“I saw the power of forgiveness and the way it changed me. If certain things hadn’t happened I wouldn’t be here. It’s hard to truly accept. Everyday I’m working through stuff to help me uncover what I’ve blocked, and really learn what it means to unconditionally love. It taught me about being selfless.”

Gratitude ought to be a class taught in elementary school. The existential beauty of freedom is being traded for entitled privilege. Communities thrive with the basic understand that we offer our time, energy, and gifts to help others when they are in need; yet, the alleged “Land of the Free” continues to squeeze life from where it is fleeting. But no matter this sickness, there is Medicine for the People.

“It’s a hard place to come to because of the pain we carry. I’m not sure people can or need to (shift from entitled to grateful). Not everyone is meant to, or destined to.”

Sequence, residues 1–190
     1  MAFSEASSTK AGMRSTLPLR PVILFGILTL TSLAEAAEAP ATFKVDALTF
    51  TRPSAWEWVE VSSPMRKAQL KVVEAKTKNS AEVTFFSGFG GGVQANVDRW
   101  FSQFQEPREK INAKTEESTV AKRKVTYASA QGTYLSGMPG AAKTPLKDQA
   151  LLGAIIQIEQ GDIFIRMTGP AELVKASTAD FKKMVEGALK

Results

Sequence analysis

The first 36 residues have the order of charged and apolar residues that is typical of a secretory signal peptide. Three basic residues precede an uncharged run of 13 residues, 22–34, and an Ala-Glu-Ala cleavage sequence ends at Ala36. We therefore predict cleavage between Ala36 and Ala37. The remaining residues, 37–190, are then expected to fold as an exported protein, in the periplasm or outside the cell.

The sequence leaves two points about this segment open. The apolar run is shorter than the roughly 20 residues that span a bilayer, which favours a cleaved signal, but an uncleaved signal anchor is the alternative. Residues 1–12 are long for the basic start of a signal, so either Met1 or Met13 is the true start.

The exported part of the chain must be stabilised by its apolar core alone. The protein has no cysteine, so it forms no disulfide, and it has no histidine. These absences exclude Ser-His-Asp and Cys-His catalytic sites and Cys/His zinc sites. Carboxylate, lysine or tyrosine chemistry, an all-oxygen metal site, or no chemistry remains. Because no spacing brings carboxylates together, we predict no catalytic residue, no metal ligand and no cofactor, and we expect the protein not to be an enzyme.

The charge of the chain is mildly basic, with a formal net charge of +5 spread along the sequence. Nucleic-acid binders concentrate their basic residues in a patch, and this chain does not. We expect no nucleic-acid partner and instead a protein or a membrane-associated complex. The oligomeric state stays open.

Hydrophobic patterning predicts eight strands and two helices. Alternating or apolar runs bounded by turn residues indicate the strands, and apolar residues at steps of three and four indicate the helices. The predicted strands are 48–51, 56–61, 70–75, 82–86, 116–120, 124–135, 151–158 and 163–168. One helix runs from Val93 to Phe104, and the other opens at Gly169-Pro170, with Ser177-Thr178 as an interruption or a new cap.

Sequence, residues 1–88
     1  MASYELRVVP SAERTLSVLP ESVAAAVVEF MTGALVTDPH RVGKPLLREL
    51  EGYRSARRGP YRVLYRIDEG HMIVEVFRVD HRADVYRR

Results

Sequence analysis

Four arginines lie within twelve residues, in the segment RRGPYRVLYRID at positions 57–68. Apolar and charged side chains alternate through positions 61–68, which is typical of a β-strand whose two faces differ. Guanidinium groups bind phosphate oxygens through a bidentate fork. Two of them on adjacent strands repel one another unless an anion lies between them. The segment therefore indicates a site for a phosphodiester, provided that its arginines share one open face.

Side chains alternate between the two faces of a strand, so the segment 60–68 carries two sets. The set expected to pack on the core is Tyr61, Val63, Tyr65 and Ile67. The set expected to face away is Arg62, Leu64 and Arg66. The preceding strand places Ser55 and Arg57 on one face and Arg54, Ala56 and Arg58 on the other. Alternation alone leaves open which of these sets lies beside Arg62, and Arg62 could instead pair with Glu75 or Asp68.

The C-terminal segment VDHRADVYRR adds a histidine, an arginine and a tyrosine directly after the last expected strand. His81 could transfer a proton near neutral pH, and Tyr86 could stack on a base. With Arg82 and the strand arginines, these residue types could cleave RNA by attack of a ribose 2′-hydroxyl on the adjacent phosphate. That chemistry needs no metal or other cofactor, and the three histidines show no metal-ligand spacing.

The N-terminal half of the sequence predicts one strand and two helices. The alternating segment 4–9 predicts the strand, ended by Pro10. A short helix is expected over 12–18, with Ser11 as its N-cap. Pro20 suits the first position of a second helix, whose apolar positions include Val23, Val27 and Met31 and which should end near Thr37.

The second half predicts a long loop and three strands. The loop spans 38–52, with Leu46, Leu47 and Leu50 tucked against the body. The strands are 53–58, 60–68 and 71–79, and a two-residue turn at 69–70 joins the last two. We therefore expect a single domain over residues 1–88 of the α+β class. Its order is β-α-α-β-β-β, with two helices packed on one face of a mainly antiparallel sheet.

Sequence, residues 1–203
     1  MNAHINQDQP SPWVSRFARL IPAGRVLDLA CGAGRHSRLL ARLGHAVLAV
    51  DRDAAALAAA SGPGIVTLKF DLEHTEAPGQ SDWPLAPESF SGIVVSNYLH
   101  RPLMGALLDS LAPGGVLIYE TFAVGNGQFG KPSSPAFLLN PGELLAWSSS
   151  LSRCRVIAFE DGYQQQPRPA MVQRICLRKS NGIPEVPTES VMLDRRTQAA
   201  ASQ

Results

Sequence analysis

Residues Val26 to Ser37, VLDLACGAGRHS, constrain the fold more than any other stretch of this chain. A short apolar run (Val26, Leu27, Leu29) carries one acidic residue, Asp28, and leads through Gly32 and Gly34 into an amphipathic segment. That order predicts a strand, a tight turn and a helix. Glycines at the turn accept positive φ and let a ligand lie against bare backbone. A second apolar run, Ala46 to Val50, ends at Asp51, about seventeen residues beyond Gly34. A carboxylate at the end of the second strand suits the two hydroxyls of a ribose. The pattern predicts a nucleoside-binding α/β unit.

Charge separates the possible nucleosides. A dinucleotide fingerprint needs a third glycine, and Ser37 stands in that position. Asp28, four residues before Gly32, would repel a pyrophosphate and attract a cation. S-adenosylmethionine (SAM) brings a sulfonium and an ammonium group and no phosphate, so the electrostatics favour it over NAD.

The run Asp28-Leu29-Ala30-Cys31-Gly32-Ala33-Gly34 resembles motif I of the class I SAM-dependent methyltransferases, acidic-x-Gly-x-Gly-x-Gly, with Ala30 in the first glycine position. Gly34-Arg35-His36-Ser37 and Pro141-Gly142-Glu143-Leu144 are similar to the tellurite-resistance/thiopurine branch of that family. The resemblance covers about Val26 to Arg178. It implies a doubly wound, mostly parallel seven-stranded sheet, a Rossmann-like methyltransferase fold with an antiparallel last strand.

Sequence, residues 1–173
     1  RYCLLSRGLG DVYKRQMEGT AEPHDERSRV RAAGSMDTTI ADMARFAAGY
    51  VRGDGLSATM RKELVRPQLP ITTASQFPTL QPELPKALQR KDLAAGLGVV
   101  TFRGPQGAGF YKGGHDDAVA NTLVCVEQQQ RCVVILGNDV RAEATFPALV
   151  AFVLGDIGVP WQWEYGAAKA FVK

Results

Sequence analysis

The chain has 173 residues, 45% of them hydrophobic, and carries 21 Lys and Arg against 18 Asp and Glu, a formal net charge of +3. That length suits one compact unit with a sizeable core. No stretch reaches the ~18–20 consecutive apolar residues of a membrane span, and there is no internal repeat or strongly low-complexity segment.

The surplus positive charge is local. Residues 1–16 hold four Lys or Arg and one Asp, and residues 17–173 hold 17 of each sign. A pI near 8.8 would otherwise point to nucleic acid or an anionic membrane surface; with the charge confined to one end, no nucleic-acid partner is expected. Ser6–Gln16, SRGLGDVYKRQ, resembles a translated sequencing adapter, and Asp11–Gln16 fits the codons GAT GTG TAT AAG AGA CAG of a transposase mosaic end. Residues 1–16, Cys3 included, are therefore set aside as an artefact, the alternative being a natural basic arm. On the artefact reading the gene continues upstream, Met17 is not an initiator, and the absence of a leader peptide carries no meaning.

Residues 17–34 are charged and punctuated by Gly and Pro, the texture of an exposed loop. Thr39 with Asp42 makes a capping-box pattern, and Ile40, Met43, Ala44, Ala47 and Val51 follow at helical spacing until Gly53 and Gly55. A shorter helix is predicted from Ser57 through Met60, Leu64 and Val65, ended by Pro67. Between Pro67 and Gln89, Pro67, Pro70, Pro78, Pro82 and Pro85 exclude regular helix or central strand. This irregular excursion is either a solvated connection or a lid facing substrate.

While the word “medicine” is perceived in the Western world as medical treatment, prescriptions, and dependence, the American Indians adopted the word in the sense of “magical influence.” Forgiveness offers an opportunity to remove one’s self from his or her immediate pain and suffering, and transcend to a higher plain where struggle is recognized as opportunity for growth.

“That’s funny you ask that because I was just talking to my Filipino family who were trying to teach me to say Medicine for the People in Tagalog. One way means drugs, one means healing. If you are into food, plants, medicine, earth stuff, your understanding of medicine is different than Western medicine. Western medicine conjures a certain idea… We’re offering a cool, revolutionary way to talk about music. Music can be healing. That’s the thing about words; they have so many meanings.”

With our words we will change this world by understanding what it means to be a part of it. Everyday we me must work on taking better care of ourselves, so we are open to, and moved by helping others.